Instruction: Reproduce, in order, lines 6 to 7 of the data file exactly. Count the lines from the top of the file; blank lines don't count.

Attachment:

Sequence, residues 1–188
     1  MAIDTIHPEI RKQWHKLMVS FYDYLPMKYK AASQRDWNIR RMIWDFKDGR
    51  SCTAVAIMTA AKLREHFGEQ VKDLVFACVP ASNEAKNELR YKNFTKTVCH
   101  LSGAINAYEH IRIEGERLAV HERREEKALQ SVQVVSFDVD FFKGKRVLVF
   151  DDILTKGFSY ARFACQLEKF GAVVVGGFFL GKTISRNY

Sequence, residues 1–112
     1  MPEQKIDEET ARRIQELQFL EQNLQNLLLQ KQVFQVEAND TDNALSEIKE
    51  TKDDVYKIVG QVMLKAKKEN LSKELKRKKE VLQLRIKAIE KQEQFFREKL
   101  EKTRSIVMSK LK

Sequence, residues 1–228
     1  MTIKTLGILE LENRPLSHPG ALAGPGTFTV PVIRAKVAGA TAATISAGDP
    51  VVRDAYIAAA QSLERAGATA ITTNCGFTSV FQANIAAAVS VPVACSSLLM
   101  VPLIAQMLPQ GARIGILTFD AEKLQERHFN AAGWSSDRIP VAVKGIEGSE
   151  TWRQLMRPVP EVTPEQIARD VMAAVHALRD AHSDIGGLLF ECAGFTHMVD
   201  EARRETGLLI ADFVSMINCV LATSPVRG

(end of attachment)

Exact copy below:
Sequence, residues 1–112
     1  MPEQKIDEET ARRIQELQFL EQNLQNLLLQ KQVFQVEAND TDNALSEIKE